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* Trump vows to slap more tariff on Chinese imports
* U.S. employment growth slows in July
* Tech leads slide among major S&P sectors
* NetApp tumbles after slashing forecast
* Indexes down: Dow 0.48%, S&P 0.57%, Nasdaq 0.85% (Updates to open)
By Amy Caren Daniel
Aug 2 (Reuters) - Wall Street’s main indexes sank to one-month lows on Friday after a sharp escalation in U.S.-China trade tensions and tepid job growth in July reinforced fears of a global economic slowdown.
The Labor Department said nonfarm payrolls increased by 164,000 jobs last month and the economy created 41,000 fewer jobs in May and June than previously reported. However, July’s numbers were in line with economists’ expectations.
“Job numbers were not too far from expected. It shows the trend is slowing down. It’s consistent with another rate cut either in September or October,” said Scott Brown, chief economist at Raymond James in St. Petersburg, Florida.
“The bigger issue for the Fed policy outlook is tariffs because that implies you will see higher costs for finished goods rather than intermediate goods that we have been importing from China.”
The jobs report comes a day after President Donald Trump threatened to slap a 10% tariff on $300 billion of Chinese imports from next month, sending global markets tumbling overnight and investors fleeing to safe-haven U.S. Treasuries and the Japanese yen.
China on Friday said it would not be blackmailed and warned of retaliation.
Technology companies, which get a sizeable portion of their revenue from China, were the hardest hit, down 1.34%, weighed by iPhone maker Apple Inc and chipmakers.
The Philadelphia Semiconductor index slipped 1.06%, while shares of Apple fell 1.5%.
Boeing Co, the single largest U.S. exporter to China, fell 0.8% and Caterpillar Inc declined 0.6%.
The sudden escalation in trade rhetoric follows the Federal Reserve on Wednesday playing down expectations of further aggressive monetary policy actions after cutting interest rates for the first time in a decade.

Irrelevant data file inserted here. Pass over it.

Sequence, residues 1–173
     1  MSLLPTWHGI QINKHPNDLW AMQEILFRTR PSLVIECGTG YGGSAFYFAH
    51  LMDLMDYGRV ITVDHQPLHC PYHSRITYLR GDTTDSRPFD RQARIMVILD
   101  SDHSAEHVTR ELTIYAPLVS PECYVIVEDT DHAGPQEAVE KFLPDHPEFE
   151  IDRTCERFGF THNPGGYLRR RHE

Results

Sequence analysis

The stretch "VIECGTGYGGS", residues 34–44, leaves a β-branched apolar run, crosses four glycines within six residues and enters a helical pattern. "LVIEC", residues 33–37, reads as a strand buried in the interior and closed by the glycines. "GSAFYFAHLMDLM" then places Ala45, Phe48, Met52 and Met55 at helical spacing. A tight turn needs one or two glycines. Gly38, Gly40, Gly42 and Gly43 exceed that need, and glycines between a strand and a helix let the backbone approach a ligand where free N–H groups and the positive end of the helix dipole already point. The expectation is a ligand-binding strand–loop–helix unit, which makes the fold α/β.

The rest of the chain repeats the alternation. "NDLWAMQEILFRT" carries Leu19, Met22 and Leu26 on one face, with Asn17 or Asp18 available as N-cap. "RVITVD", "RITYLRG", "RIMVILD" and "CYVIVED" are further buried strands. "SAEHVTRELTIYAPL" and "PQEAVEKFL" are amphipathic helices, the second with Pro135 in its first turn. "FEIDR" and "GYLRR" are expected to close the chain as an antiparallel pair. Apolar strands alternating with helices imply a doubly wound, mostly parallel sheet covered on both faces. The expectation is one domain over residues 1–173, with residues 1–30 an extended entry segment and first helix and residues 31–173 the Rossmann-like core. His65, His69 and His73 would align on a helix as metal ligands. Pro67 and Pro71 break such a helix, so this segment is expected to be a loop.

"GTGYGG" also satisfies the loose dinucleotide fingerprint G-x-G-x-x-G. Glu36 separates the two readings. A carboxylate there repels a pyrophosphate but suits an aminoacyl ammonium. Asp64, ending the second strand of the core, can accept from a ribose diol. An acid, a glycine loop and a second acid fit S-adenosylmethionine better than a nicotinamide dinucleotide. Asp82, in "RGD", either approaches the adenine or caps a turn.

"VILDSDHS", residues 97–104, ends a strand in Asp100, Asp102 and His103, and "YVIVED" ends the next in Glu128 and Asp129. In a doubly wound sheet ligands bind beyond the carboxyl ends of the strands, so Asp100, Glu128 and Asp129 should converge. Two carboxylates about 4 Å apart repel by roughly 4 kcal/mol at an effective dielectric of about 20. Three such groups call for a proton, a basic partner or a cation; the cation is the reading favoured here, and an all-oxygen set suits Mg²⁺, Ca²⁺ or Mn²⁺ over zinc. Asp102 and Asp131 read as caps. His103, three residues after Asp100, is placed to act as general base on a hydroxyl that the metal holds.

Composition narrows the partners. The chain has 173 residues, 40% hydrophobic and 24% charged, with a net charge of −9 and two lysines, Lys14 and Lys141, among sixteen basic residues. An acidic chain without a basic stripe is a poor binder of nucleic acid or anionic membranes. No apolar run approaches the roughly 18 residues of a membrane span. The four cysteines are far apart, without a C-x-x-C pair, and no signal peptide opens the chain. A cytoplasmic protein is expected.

Hopes that the Fed would be more accommodative to counter the impact of the bruising trade war had helped Wall Street’s main indexes hit record highs last month. Fed funds futures implied traders were positioned for a 100% chance the central bank would reduce its target range on interest rates by a quarter point in September, CME Group’s FedWatch program showed.
At 9:46 a.m. ET, the Dow Jones Industrial Average was down 128.15 points, or 0.48%, at 26,455.27, the S&P 500 was down 16.70 points, or 0.57%, at 2,936.86. The Nasdaq Composite was down 68.59 points, or 0.85%, at 8,042.53.
The defensive utilities sector rose 0.3%, while a surge in oil prices helped the energy sector eke out small gains.
The second-quarter earnings season is in full swing, with 74.4% of the 355 S&P 500 companies that have reported so far beating profit estimates, according to Refinitiv data.
NetApp Inc slumped 20.7% after the data storage equipment maker lowered its forecast for the first quarter and 2020, blaming a weakening macro environment.
Declining issues outnumbered advancers for a 2.24-to-1 ratio on the NYSE and for a 2.25-to-1 ratio on the Nasdaq.
The S&P index recorded four new 52-week highs and four new lows, while the Nasdaq recorded seven new highs and 76 new lows. (Reporting by Amy Caren Daniel and Medha Singh in Bengaluru; Editing by Anil D’Silva and Arun Koyyur)